Now, if Desire is the presence of an absence, it is not — taken as such — an empirical reality: it does not exist in a positive manner in the natural — i.e., spatial — Present. On the contrary, it is like a gap or a "hole" in Space: an emptiness, a nothingness. (And it is into this "hole," so to speak, that the purely temporal Future takes its place, within the spatial Present.) Desire that is related to Desire, therefore, is related to nothing. To "realize" it, therefore, is to realize nothing. In being related only to the Future, one does not come to a reality, and consequently one is not really in motion. On the other hand, if one affirms or accepts the present (or better, spatial) real, one desires nothing; hence one is not related to the Future, one does not go beyond the Present, and consequently one does not move either. Therefore: in order to realize itself, Desire must be related to a reality; but it cannot be related to it in a positive manner. Hence it must be related to it negatively. Therefore Desire is necessarily the Desire to negate the real or present given. And the reality of Desire comes from the negation of the given reality. Now, the negated real is the real that has ceased to be: it is the past real, or the real Past. Desire determined by the Future appears, in the Present, as a reality (that is, as satisfied Desire) only on the condition that it has negated a real — that is, a Past. The manner in which the Past has been (negatively) formed in terms of the Future is what determines the quality of the real Present. And only the Present thus determined by the Future and the Past is a human or historical Present. Therefore, generally speaking: the historical movement arises from the Future and passes through the Past in order to realize itself in the Present or as temporal Present. The Time that Hegel has in view, then, is human or historical Time: it is the Time of conscious and voluntary action which realizes in the present a Project for the future, which Project is formed on the basis of knowledge of the past.

Therefore, we are dealing with historical Time, and Hegel says that this "Time is the Concept itself which exists empirically." For the moment let us disregard the term "Concept." Hegel says, then, that Time is something, an X, that exists empirically. Now, this assertion can be deduced from the very analysis of the Hegelian notion of (historical) Time. Time in which the Future takes primacy can be realized, can exist, only provided that it negates or annihilates. In order that Time may exist, therefore, there must also be something other than Time. This other thing is first of all Space (as it were, the place where things are stopped). Therefore: no Time without Space; Time is something that is in Space. Time is the negation of Space (of diversity); but if it is something and not nothingness, it is because it is the negation of Space. Now, only that which really exists — that is, which resists — can be really negated. But Space that resists is full: it is extended matter, it is real Space — that is, the natural World. Therefore, Time must exist in a World: it is indeed, then, something which "ist da," as Hegel says, which is there in a Space, and which is there in empirical Space — that is, in a sensible Space or a natural World. Time annihilates this World by causing it at every instant to sink into the nothingness of the past. But Time is nothing but this nihilation of the World; and if there were no real World that was annihilated, Time would only be pure nothingness: there would be no Time. Hence Time that is, therefore, is indeed something that "exists empirically" — i.e., exists in a real Space or a spatial World.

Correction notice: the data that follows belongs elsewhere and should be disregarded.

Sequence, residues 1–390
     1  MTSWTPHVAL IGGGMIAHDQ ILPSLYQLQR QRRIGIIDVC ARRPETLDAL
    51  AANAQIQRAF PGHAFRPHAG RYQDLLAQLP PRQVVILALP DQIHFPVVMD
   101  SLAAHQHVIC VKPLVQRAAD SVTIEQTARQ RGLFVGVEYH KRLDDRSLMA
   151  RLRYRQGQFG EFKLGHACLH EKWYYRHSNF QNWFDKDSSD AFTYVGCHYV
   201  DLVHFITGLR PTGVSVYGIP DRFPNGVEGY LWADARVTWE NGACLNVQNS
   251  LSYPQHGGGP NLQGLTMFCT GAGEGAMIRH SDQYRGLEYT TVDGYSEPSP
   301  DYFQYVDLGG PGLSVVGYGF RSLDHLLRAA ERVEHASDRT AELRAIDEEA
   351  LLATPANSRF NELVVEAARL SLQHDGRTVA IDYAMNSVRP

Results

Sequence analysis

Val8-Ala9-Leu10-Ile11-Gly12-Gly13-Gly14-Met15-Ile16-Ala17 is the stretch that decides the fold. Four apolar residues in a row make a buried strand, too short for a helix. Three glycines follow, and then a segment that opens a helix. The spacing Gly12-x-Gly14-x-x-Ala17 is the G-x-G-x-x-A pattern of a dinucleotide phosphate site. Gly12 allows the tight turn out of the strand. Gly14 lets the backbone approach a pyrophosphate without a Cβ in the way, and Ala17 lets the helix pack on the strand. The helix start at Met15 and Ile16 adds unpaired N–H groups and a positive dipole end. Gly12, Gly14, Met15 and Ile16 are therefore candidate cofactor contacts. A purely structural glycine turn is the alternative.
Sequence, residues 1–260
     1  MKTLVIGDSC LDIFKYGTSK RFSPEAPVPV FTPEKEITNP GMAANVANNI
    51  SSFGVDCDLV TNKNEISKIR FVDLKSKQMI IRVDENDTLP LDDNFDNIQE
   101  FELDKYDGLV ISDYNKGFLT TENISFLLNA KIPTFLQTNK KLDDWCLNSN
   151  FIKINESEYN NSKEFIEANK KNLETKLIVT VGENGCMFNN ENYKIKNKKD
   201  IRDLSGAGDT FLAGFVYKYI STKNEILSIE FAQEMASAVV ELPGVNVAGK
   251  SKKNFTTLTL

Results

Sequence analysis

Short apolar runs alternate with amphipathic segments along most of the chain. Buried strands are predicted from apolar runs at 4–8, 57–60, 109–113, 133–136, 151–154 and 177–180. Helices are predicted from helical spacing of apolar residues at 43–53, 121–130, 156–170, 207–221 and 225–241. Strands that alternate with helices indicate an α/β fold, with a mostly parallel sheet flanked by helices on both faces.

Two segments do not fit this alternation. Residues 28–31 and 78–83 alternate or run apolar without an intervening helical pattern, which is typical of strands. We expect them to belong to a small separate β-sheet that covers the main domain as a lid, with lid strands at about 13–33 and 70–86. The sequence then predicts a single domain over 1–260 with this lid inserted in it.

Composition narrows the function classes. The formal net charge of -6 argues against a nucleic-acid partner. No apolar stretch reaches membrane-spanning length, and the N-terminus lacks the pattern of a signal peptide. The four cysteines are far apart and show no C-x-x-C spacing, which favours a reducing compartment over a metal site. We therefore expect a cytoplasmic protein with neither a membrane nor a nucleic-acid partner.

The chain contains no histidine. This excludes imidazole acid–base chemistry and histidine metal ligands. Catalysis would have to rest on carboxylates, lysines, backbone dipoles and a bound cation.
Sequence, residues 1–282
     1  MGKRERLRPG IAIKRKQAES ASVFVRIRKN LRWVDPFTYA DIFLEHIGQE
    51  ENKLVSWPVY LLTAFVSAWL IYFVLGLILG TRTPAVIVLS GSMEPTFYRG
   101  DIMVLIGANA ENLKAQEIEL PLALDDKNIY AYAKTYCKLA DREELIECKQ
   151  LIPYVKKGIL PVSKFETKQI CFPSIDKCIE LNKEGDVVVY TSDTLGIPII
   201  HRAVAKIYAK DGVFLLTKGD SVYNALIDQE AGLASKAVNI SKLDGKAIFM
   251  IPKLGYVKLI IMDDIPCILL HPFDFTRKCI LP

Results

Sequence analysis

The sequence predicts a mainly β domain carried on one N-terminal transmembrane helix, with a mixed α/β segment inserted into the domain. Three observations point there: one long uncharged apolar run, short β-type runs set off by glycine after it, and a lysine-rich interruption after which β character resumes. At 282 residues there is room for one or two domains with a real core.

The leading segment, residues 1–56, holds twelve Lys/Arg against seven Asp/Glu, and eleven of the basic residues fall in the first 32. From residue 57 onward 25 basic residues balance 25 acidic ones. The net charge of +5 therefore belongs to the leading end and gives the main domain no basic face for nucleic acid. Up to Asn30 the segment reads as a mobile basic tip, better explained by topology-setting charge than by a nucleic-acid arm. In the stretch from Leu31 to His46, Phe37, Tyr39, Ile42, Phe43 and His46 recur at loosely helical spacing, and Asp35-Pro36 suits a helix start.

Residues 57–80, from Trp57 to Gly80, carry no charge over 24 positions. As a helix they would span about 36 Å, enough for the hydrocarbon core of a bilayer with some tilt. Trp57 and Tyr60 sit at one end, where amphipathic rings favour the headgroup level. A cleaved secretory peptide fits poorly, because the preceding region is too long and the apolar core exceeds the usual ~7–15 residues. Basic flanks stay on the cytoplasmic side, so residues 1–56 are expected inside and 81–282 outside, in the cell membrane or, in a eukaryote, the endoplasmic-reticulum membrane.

Now, we have seen that the presence of Time (in which the Future takes primacy) in the real World is called Desire (which is directed toward another Desire), and that this Desire is a specifically human Desire, since the Action that realizes it is Man's very being. The real presence of Time in the World, therefore, is called Man. Time is Man, and Man is Time.

In the Phenomenology, Hegel does not say this in so many words, because he avoids the word "man." But in the Lectures delivered at Jena he says: "Geist ist Zeit" ("Spirit is Time"). Now, "Spirit" in Hegel (and especially in this context) means "human Spirit" or Man, more particularly, collective Man — that is, the People or State, and, finally, Man as a whole or humanity in the totality of its spatial-temporal existence, that is, the totality of universal History.